S. D. Gedzelman, “In praise of altocumulus,” Weatherwise 41, 143–149 (1988).
[CrossRef]

Other

J. A. Shaw, P. J. Neiman, “Iridescence and coronas related to cloud particle-size distributions and meteorology,” presented at the Seventh Topical Meeting on Meteorological Optics, Boulder, Colo., 5–8 June 2001; preprint available at http://www.asp.ucar.edu/MetOptics/Preprints.pdf .

M. Minnaert, The Nature of Light and Color in the Open Air (Dover, New York, 1954), Chap. 10.

W. J. Humphreys, Physics of the Air (Dover, New York, 1964), Chap. 6.

R. A. R. Tricker, An Introduction to Atmospheric Optics (American Elsevier, New York, 1970), Chaps 5 and 7.

D. K. Lynch, W. Livingston, Light and Color in Nature (Cambridge U. Press, New York1995), p. 124.

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Figures (12)

Fig. 1
Fig. 1

The three-layer corona cloud model. The corona beam consists of light that reaches the ground after being scattered once in the cloud. The glory beam consists of light that reaches an observer above cloud level after being scattered once in the cloud.

Fig. 2
Fig. 2

Photographs of coronas and iridescence in (a) a thin patch of cirrocumulus in July 1984 over Manhattan, New York; (b) wavy cirrocumulus on 26 December 1993 over Sarasota, Florida, with a hint of a dark blue band; and (c) iridescence in wavy altocumulus on 1 January 2000 over Boynton Beach, Florida.

Fig. 3
Fig. 3

Schematic diagram showing ranges of droplet sizes encountered by sunbeams passing through a convective cloud and through a wave cloud with a top-hat relative humidity profile.

Fig. 4
Fig. 4

Droplet size distributions for a convective cloud and for wave clouds with Gaussian and top-hat humidity profiles.

Fig. 5
Fig. 5

Relationship between droplet radius and the optical thickness τ of a wave cloud 10 hPa thick. Coalescence begins once optical thickness approaches 2.

Fig. 6
Fig. 6

Mie scattering phase functions for λ = 0.5 μm and droplets with radii 2.75 and 3.0 μm, showing rapid changes in the shape of the curve.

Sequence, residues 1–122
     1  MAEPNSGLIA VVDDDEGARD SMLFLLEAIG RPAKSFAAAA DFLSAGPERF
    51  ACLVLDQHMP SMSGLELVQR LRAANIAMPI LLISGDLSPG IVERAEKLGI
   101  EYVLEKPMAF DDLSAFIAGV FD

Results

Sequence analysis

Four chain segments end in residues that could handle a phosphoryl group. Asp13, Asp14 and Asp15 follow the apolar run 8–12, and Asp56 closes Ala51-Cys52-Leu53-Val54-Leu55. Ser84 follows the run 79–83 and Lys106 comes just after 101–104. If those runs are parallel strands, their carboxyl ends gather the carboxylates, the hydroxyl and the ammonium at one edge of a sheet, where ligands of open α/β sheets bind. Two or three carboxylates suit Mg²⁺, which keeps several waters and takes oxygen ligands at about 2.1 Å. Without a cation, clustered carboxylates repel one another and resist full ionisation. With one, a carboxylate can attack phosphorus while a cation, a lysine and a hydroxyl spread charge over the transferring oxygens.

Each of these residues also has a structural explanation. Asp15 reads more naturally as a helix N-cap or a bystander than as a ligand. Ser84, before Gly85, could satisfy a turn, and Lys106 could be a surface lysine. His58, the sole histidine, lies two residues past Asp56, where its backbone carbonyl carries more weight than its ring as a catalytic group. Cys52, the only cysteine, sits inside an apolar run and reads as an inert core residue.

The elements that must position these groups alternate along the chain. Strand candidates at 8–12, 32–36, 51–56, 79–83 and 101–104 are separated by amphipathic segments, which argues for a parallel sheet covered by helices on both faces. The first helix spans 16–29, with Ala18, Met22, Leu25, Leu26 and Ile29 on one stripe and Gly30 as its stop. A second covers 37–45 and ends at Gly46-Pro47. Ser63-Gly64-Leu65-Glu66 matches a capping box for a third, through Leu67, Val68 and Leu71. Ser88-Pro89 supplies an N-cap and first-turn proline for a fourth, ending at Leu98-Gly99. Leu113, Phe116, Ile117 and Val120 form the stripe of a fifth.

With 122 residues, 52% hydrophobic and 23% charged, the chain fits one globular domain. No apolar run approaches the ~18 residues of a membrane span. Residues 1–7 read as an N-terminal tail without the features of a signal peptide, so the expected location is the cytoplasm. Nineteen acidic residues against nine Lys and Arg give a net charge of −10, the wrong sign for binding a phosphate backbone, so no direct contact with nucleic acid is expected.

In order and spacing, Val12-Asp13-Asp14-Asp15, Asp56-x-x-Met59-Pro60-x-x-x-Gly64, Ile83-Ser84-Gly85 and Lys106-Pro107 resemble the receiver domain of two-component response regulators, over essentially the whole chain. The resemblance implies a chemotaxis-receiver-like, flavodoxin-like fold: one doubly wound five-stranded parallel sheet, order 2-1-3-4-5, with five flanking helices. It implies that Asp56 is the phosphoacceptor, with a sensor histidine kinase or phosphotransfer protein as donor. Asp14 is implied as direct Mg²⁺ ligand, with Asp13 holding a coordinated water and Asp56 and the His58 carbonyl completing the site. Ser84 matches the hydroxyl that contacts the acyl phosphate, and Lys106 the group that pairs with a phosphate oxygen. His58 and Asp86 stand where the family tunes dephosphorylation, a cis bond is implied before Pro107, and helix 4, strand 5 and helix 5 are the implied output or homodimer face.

Fig. 7
Fig. 7

Deflection angles of the first peak of the Mie scattering phase function for λ = 0.4, 0.5, 0.6, 0.7 μm as a function of droplet radius. Overlapping of these peaks at small droplet radii illustrates why corona colors vary with droplet radius.

Fig. 8
Fig. 8

Color map showing corona colors as a function of droplet radius and scattering angle for a perfect Mie scattering model. The sequence of corona colors changes rapidly for small droplets but becomes fixed once droplet radius exceeds ∼6 μm.

Fig. 9
Fig. 9

Chromaticity diagrams for a cloud of optical thickness 0.1 when a = 3.0, 8.0 μm. Scattering angles (deg) given for circled points.

Fig. 10
Fig. 10

Maximum color purity of the inner ring of the corona as a function of cloud optical thickness τ for solar zenith angle Z = 35° and droplet radius a = 3.0 μm (solid curve, top) compared with maximum color purity given by the perfect Mie scattering model (dashed-dotted curve). Circles indicate maximum color purity for convective cloud, wave cloud, and monodisperse droplet size distributions when the largest droplet has a radius of 8.0 μm at optical thickness 0.1.

Fig. 11
Fig. 11

Color map of coronas as a function of cloud optical thickness and scattering angle for solar zenith angle Z = 35° and droplet radius a = 3.0 μm.

Fig. 12
Fig. 12

Color-intensity maps showing the effects of cloud optical thickness and the sharpness of droplet size distribution on the appearance of the corona. The most vibrant, multiringed coronas are produced by optically thin clouds with narrow droplet size distributions. Interference that results from flat and wide droplet size distributions washes out the outer rings, whereas multiple scattering from optically thick clouds blurs the entire corona. A dark blue ring just outside the red ring is present only in optically thin clouds with sharply peaked droplet size distributions.